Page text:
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Trump Denounces FBI Raid On His Attorney And Alleged Chemical Attack In Syria


President Trump is lashing out at special counsel Robert Mueller after an FBI raid on his personal attorney, Michael Cohen. Here's what's happening. Cohen's lawyer said in a statement that the raid was based at least in part on a referral from the special counsel. It's not clear exactly what investigators may be after or whether this may be related to the Russia probe. Here's what Trump had to say tonight about the development.


PRESIDENT DONALD TRUMP: It's a disgrace. It's frankly a real disgrace. It's a - an attack on our country in a true sense. It's an attack on what we all stand for. So when I saw this and when I heard it - I heard it like you did - I said, that is really now in a whole new level of unfairness.

KELLY: NPR White House correspondent Tamara Keith joins us now. Hey there.


KELLY: Hi. We can hear President Trump is clearly really upset about this - any indication what, if anything, he might choose to do about it?

KEITH: No, though he was asked if he was going to fire Robert Mueller, the special counsel. The president said, we'll see what happens and also said that many people have said that he should fire him. But the president has said that before. We'll see what happens. He says it a lot. He's even said it about Mueller. He was highly critical, again, of his attorney general, Jeff Sessions, who recused himself for the - from the Russia investigation. He even talked about Rod Rosenstein, the deputy attorney general who is overseeing the investigation and was critical of some of his decisions.

But you know, up until this point, people close to Trump's legal team have described a positive working relationship with Mueller as ongoing negotiations are underway about a possible interview with Trump. And again, they've all expressed confidence that there was no collusion with Russia, something that President Trump said again today.

KELLY: Something he said again today - OK, what - do we know what prompted President Trump to make those comments?

KEITH: So President Trump said, you know - he was at this meeting with military leaders focused on Syria and on the alleged chemical weapons attack there and the possible U.S. response. But he said that he had just learned about this raid on Cohen, and it made him upset. These comments came unprompted, and it just seemed like he needed to get something off his chest.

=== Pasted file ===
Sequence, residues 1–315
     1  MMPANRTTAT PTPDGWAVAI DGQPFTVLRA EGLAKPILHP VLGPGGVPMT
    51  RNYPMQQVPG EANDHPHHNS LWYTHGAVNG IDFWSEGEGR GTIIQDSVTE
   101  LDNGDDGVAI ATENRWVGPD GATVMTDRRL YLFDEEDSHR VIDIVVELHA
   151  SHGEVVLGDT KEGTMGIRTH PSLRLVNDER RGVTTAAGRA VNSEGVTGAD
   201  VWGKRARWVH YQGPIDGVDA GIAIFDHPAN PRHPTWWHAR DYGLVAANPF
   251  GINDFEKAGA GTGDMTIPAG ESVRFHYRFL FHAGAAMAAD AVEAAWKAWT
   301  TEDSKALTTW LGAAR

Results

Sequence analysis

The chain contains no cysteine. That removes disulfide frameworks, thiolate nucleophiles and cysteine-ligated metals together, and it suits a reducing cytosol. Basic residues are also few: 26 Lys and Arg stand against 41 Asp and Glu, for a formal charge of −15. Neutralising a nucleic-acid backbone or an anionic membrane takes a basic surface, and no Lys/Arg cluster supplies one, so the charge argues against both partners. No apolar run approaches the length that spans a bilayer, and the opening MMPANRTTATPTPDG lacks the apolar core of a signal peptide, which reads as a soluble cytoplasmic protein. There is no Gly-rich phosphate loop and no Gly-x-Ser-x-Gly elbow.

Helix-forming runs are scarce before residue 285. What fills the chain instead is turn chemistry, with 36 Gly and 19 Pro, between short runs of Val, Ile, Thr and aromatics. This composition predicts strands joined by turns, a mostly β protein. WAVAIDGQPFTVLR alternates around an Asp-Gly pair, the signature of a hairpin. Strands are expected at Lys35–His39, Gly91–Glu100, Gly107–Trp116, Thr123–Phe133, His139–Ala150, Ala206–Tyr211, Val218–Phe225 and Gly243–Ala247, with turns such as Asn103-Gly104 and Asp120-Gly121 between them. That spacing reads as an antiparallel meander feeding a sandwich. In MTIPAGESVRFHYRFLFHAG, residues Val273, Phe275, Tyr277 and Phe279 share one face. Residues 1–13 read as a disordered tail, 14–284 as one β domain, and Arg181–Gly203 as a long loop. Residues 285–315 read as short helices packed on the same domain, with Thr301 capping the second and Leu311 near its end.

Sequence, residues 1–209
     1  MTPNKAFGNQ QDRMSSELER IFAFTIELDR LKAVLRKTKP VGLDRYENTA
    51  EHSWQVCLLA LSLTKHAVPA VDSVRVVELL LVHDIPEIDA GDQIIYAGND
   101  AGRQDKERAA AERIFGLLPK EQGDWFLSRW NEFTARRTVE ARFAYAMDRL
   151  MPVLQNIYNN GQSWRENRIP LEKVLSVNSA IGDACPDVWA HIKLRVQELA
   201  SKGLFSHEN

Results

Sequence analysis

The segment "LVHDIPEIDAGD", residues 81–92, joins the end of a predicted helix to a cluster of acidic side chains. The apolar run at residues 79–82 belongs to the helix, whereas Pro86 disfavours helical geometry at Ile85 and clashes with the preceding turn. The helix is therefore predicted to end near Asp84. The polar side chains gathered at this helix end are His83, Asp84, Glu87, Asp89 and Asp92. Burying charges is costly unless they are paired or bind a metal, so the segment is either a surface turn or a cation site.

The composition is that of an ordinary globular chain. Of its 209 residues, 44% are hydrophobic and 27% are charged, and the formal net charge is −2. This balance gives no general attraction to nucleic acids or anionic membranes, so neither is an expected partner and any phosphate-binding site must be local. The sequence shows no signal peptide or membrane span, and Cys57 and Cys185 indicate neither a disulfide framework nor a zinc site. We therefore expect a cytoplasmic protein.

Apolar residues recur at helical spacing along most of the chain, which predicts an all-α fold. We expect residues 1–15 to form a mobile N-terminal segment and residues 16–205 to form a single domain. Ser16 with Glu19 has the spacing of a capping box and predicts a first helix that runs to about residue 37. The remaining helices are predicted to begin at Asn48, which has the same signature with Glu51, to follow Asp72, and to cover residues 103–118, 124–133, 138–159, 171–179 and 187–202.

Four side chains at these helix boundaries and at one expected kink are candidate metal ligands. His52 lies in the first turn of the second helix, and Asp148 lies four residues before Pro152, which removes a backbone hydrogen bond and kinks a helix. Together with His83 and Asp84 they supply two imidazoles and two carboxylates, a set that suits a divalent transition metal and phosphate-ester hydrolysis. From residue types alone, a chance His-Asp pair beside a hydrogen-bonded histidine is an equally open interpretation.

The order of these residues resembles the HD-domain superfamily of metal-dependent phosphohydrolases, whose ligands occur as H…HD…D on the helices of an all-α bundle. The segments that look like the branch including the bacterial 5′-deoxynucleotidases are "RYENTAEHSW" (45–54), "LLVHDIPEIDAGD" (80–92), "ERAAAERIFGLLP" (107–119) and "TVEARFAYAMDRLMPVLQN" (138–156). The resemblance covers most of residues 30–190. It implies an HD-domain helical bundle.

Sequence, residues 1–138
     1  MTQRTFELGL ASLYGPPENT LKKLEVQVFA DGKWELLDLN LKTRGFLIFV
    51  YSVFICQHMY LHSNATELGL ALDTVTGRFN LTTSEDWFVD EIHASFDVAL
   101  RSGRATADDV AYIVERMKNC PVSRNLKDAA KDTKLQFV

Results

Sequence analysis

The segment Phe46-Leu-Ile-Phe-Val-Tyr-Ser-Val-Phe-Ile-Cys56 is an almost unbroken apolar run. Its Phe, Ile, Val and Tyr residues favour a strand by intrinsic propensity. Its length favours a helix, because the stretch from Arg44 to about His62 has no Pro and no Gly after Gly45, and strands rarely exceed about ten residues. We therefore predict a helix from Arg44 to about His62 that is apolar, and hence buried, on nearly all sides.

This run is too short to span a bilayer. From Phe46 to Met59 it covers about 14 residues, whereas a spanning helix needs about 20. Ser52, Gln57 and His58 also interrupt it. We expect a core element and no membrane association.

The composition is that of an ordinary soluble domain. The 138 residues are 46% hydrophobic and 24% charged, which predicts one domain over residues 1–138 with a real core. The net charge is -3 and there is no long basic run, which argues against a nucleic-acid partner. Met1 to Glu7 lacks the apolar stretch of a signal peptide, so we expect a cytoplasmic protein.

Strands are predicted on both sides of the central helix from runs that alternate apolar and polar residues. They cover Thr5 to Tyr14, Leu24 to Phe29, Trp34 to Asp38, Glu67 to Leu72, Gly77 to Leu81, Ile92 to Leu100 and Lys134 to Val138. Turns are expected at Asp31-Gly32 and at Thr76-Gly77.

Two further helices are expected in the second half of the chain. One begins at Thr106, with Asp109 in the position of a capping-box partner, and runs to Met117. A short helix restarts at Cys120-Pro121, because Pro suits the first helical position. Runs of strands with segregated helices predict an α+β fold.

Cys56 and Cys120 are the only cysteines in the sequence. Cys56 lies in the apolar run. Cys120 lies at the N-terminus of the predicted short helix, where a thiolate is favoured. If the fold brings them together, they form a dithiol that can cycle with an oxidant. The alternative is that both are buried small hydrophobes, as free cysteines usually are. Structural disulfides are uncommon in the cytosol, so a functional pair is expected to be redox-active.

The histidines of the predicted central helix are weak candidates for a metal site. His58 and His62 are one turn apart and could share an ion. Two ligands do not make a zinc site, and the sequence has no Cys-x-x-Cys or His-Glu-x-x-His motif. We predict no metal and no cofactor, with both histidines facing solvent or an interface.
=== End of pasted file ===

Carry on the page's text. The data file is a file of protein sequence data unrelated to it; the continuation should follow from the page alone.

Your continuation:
KELLY: Well, since you raised Syria, let me stick there for a minute because the president has promised a strong response to this reported chemical weapons attack there. Did we get any more detail this afternoon, tonight in terms of what that response might look like?

KEITH: The president has called this a heinous attack. He said that there are military options on the table. Earlier in the day, White House Press Secretary Sarah Sanders was asked about those options, and she said more than once that not currently at this time is the U.S. involved in missile strikes in Syria. But she kept saying, not currently at this time, which left open the possibility. This evening, President Trump said that they were getting some good clarity on who was responsible for the attack and that there are a lot of military options. Quote, "we'll be letting you know pretty soon, probably after the fact."

KELLY: Probably after the fact. And yeah, you're right. Not currently at this time is something that would be overtaken almost the moment (laughter) that those words escape your lips, leaving you quite a lot of wiggle room. Just very quickly, Tam, what are the differences from last year at this time when President Trump did order a strike on Syria?

KEITH: Two big things. President Trump is more openly critical of Russia and Vladimir Putin and them possibly providing cover for Syria. Also, just a week ago, President Trump talked about pulling U.S. troops out of Syria, and he's taking some heat from Republicans like John McCain who say that he may have emboldened Assad.

KELLY: All right, thanks so much, Tam.

KEITH: You're welcome.

KELLY: That's NPR White House correspondent Tamara Keith. Transcript provided by NPR, Copyright NPR.

Tamara Keith has been a White House correspondent for NPR since 2014 and co-hosts the NPR Politics Podcast, the top political news podcast in America. Keith has chronicled the Trump administration from day one, putting this unorthodox presidency in context for NPR listeners, from early morning tweets to executive orders and investigations. She covered the final two years of the Obama presidency, and during the 2016 presidential campaign she was assigned to cover Hillary Clinton. In 2018, Keith was elected to serve on the board of the White House Correspondents' Association.
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